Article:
The music workshop this week involved primary school pupils teaching us how to play instruments that they are learning in class. The children brought in string instruments like violins, violas, cellos and a bass. Each child had been assigned one of these stringed instruments a few months before and the class had been practising short tunes and songs that they could present at different functions. To start with, the pupils taught us how to hold the instruments properly. With the violin, it is important for it to be held properly as it is so light it can be easy for it to be used wrong. After learning the first step, we learnt how to play the notes A, B, F and G, which were the basis of the songs that the primary children knew. Some of the pupils took to learning a new instrument very well and others even had private tuition in stringed instruments, however the pupil I was paired with has cerebral palsy and so found it difficult to hold his violin properly and sometimes keep up with the rest of the class. It was hard to see him struggling to communicate with others, however he was the best that he could be, and his peers were very supportive in everything he did. I had never even picked up a violin before, never mind played one in a group, so this experience was very intriguing and educational for me. It is something that is fantastic to teach to children and an excellent opportunity to open to primary school children as they can progress throughout school and it lets them find hidden talents, they would not be aware they had if they did not get involved in the arts.

The dance workshop linked in well with the music workshop beforehand. Within this workshop, the content was very much “pupil led” as we had to make up our own dance moves instead of the lecturer telling us what to do. The lecturer gave us numbers from 0-9 and we had to make up a different move for each number. This allowed us to be creative and different which was exciting for the whole class. We got into groups from the week previous and all got given these dance moves but in a different order. We had to practise these moves and then add them onto out routine that we had already began to make up the week before. It was clear who was confident with different moves and who was conscious of being different with the people around them. For many in the class, the thought of teaching dance in the future to our own class fill them with dread. “Within the arts dance education has often been given the lowest priority. When not part of the arts, dance has been taught as part of physical education or music education, if at all,” (Gilbert, 2005). However, by having these experiences within university, our job as future primary teachers is to boost our own confidence in dance and make dance more important and highly thought of with in Expressive Arts. It is all about doing something different for the students to make sure their learning is fun and interactive.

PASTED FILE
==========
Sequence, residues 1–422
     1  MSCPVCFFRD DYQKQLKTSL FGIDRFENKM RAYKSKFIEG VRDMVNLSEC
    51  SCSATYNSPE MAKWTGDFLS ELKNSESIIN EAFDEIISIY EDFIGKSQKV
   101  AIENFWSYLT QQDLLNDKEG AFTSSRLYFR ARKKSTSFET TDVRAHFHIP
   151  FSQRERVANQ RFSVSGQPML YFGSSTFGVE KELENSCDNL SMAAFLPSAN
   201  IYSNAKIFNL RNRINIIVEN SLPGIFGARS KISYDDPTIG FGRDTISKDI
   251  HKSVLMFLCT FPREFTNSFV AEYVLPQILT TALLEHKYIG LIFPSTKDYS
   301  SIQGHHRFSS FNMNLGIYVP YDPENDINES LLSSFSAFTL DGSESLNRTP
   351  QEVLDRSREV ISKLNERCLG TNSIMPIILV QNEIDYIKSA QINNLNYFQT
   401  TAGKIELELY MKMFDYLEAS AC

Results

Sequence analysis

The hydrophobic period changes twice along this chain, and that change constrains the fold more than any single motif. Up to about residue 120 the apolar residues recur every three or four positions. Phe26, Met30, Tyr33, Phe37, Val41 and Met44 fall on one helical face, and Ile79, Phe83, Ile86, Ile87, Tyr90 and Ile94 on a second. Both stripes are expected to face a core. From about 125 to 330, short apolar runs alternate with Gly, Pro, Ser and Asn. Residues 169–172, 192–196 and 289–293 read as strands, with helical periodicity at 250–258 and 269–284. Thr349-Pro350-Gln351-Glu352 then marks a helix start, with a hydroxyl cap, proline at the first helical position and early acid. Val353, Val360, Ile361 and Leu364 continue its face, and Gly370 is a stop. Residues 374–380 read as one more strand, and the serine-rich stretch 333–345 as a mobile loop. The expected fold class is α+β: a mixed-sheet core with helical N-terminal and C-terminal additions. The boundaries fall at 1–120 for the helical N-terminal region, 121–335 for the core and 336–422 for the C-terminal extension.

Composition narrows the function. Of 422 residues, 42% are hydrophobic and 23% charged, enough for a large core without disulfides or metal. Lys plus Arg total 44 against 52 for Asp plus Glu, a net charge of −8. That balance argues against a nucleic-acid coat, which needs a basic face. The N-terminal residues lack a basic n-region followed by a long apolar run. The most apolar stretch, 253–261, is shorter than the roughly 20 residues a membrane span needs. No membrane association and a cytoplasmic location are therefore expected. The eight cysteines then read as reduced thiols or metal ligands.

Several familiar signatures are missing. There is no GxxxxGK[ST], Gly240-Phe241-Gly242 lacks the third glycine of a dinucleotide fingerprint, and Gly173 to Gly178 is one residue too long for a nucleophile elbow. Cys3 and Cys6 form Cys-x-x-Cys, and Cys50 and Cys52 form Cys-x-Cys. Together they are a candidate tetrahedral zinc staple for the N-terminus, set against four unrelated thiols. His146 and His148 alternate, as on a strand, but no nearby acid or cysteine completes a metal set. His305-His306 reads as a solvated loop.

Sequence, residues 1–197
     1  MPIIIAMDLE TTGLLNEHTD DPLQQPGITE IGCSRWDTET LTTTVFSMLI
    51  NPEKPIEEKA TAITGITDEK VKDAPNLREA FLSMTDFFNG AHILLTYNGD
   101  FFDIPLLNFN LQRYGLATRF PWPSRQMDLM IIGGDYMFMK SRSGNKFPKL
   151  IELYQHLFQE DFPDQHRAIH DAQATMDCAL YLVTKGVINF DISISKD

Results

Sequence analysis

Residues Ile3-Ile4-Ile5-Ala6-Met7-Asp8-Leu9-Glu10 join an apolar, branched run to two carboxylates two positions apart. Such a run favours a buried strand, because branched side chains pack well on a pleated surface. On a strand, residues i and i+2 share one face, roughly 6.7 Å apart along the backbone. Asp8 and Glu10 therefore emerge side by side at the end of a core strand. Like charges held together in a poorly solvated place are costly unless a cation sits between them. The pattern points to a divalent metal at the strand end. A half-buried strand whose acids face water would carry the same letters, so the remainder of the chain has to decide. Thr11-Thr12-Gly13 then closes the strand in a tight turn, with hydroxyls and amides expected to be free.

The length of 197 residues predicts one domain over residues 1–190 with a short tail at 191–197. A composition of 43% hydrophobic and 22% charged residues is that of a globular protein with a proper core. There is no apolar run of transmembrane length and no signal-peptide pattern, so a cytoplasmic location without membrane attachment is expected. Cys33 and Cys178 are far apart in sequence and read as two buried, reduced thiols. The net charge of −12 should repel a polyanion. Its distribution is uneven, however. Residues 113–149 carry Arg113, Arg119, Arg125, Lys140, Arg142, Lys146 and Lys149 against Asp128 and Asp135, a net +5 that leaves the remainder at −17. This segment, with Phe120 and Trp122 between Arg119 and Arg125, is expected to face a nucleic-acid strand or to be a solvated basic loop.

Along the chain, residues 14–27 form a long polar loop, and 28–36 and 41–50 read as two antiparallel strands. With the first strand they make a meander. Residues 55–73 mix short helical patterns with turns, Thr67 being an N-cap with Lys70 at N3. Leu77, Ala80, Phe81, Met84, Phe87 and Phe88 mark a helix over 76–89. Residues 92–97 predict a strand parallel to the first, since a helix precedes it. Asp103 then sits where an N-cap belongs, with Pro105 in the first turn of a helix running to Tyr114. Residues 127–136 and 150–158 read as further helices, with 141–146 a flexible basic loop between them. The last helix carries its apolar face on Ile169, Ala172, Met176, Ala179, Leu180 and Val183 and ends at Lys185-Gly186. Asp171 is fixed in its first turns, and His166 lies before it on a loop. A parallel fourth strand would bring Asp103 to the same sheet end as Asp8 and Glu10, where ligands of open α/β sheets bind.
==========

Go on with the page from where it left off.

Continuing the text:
References

Gilbert, A. G. (2005). Dance education in the 21st century: A global perspective. Journal of Physical Education, Recreation and Dance 76(5): 26–35

Integrated Arts Blog 02/10/18

Integrated Arts Blog – 2/10/18 This week involved “Room 13”, doing art inspired by Bob and Roberta Smith and the first input of dance. The lecture focused on a school in Fort William in the north-west of Scotland which had a spare classroom used only for art. The room allowed pupils to be expressive and […]

Integrated Arts Blog – 2/10/18
This week involved “Room 13”, doing art inspired by Bob and Roberta Smith and the first input of dance.

The lecture focused on a school in Fort William in the north-west of Scotland which had a spare classroom used only for art. The room allowed pupils to be expressive and very creative with their drawings and paintings. Not one of the children’s paintings were the same which meant there was a lot of individuality and there was plenty of space for their own imagination to come through. “Room 13 is a social enterprise model of art education. Where this model exists, socially engaged and enquiry based pedagogical practices flourish.” (McAuliffe,2013). Learners manage their own learning and have ‘creative autonomy in determining the subject, media and direction of their work’ (Adams et al, 2008) The students doing art in this room are in control of their own learning and it can help their creativity flow into other subjects. I feel “Room 13” is very important to have in other schools, it has had clear benefits to the pupils working within this environment. It can let children who have development needs in other aspects of the curriculum, like numeracy and literacy, thrive in this area and improve their confidence. This is very beneficial as it provides extra opportunities for these children who might not have had these experiences before.